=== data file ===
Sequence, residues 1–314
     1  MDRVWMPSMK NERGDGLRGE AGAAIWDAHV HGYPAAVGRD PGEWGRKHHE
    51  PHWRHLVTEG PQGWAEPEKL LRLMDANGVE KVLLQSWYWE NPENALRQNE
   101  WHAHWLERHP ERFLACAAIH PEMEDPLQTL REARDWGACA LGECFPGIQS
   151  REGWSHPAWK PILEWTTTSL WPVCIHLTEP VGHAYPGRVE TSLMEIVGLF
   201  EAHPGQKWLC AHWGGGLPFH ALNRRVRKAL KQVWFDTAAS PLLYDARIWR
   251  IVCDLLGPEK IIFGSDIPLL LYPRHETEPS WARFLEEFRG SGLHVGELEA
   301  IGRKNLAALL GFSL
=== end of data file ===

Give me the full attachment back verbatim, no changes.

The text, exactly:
Sequence, residues 1–314
     1  MDRVWMPSMK NERGDGLRGE AGAAIWDAHV HGYPAAVGRD PGEWGRKHHE
    51  PHWRHLVTEG PQGWAEPEKL LRLMDANGVE KVLLQSWYWE NPENALRQNE
   101  WHAHWLERHP ERFLACAAIH PEMEDPLQTL REARDWGACA LGECFPGIQS
   151  REGWSHPAWK PILEWTTTSL WPVCIHLTEP VGHAYPGRVE TSLMEIVGLF
   201  EAHPGQKWLC AHWGGGLPFH ALNRRVRKAL KQVWFDTAAS PLLYDARIWR
   251  IVCDLLGPEK IIFGSDIPLL LYPRHETEPS WARFLEEFRG SGLHVGELEA
   301  IGRKNLAALL GFSL